Title: A Bolt From the Blue
Written by: Jeff Melvoin
Directed by: Michael Lange
Aired: January 24, 1994
Log line: Maurice and Adam clash over the hired help for a fireworks display; Joel tutors a patient on the art of conversation; Ed is struck by lightning.
Listen to the podcast discussion of the episode here.
One of the subtle ways that Northern Exposure can extend ideas in the series is through visual cues. There are a number of ways that this can be seen in the episode “A Bolt From the Blue.” For example, nature figures prominently in Ed’s storyline of being struck by lightning. We see several visuals of nature, including the opening scene and Joel’s initial discussion with Ranger Burns. The forest figures in nearly every shot in both scenes.
We will later see a variety of flower-related patterns in Ed’s place and the room Ranger Burns has rented from Shelly and Holling. (The book Ranger Burns features the word ‘trees’ foregrounded on its front and back covers.)
Ruth-Anne, Shelly, and Marilyn all wear clothing with floral patterns.
Though we see quite a few flowers in “Bolt From the Blue”, the main visual element of the episode is probably patriotic decorations, which are hard to miss in the background of many scenes.
They also appear on clothing, including Chris’s bandana and Maggie’s sweater. (This episode clearly shares some elements with “Democracy in America” [3.15], another episode that is credited to writer Jeff Melvoin.)
One location where they are especially noticeable is Ruth-Anne’s store. It is full of clever George Washington-related sales and displays, including three related to cherries (“Just in time for President’s Day: cherry cordials”, “I cannot tell a lie, we have a sale on pie in the freezer” [this one beside an image of Washington’s head], and a display of cherry-filled chocolates beside an American flag). The other Washington-inspired gimmick might be our favourite: a special on “George Washington denture cream” for $2.99.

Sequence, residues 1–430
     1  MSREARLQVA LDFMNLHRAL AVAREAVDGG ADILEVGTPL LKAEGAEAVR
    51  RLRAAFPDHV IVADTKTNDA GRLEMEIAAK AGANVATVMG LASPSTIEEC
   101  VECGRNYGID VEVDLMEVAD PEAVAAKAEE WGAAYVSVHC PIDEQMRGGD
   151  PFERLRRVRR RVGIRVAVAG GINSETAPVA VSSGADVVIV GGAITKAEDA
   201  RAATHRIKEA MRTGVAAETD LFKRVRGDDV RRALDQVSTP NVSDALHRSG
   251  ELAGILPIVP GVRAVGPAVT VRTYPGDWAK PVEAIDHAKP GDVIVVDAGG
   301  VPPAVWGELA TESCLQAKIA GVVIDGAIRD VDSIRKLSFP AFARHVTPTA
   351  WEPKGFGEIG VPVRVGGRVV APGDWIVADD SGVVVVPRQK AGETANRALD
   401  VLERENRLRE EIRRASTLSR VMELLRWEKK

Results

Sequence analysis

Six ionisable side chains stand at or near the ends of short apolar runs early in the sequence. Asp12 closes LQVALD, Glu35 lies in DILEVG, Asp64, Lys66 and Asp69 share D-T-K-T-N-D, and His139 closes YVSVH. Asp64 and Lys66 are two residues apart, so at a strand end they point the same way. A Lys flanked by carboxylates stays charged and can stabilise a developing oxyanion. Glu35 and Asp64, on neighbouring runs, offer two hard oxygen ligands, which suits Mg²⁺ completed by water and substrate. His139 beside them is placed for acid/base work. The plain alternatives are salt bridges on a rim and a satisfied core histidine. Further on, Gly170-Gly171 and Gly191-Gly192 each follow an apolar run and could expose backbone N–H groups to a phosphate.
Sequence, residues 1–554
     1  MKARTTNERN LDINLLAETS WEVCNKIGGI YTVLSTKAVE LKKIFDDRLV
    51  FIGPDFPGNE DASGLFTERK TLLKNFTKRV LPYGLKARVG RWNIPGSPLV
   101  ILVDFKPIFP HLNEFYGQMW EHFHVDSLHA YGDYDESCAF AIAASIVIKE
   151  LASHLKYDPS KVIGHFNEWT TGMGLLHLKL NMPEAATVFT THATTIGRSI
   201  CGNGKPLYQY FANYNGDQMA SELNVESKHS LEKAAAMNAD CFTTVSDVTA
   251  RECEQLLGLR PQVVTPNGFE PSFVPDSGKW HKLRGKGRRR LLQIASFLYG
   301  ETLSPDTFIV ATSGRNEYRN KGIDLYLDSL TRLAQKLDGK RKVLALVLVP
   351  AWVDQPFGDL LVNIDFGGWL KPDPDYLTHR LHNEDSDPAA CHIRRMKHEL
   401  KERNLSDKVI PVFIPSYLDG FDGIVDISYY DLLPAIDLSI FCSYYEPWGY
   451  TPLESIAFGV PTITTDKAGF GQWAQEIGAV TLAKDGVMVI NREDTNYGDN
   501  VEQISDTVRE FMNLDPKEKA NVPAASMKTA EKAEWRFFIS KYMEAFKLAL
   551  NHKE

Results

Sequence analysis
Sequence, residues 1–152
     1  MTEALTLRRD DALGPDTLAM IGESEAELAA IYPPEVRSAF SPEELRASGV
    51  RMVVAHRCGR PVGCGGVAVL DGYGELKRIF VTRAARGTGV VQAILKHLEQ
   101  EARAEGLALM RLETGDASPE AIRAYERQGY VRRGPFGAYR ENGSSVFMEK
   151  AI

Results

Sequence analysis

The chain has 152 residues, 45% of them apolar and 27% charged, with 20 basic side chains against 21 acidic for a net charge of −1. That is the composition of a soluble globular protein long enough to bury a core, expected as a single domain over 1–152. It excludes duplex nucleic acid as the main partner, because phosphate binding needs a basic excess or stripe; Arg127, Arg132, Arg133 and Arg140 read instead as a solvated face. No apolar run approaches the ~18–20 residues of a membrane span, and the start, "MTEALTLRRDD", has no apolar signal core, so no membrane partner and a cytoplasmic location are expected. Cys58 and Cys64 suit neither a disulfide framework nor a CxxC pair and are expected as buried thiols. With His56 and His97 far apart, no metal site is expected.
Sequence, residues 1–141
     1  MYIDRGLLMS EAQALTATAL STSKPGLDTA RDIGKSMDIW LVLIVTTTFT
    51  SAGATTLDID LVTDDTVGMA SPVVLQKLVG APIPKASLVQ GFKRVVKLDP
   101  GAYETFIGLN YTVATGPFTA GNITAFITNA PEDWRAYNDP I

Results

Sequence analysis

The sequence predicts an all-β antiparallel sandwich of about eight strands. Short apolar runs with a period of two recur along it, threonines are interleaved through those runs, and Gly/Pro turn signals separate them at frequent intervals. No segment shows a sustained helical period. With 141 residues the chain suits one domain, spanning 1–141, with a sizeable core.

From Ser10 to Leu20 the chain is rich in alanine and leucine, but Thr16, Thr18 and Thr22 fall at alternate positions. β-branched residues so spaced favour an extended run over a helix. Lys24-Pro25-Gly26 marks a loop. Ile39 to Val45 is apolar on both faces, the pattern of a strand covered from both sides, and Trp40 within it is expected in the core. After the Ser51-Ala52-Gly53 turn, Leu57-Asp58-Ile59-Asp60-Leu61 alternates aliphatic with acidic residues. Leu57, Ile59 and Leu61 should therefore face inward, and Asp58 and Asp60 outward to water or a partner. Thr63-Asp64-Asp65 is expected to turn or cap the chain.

Another subtle visual in Ruth-Anne’s store involves Ed. After seeing him try to move tin cans with his (sadly non-existent) super powers, Ed is shown reading an X-Men comic, which features mutants with special powers. Magneto, the best known villain in the X-Men series, has the ability to control magnetic fields.
This episode also features an appearance by Adam. Showing Ranger Burns in a toque, Adam’s signature headgear, highlighted him as the opposite of Adam. Ranger Burns tries very hard to connect with everyone he meets, while Adam is portrayed as misanthropic.
Songs from the episode’s original airing:
- Julee Cruise – “This is Our Night”
Chris visits a depressed Ed.
- Gary Glitter – “Rock and Roll Pt. 2” [Replaced in DVD version]
Final fireworks scene.
Themes / Recurrences: Fate; narratives; nature; death; history.
The Good: We very much enjoyed the reappearance of Ranger Burns here, the way Joel negotiates that relationship. We particularly enjoyed the scene where Joel and Ranger Burns practice conversation.
The Bad: Although the fireworks plot gave us a very pretty final scene, it wasn’t very compelling. We also wondered how Adam became a fireworks master all of a sudden.
The Notable: As Darren Burrows mentioned in his book, in the final scene, it is his real wife who is standing beside him. Quite delightful!
On’s rating: 7.5 out of 10
Shane’s rating: 7.5 out of 10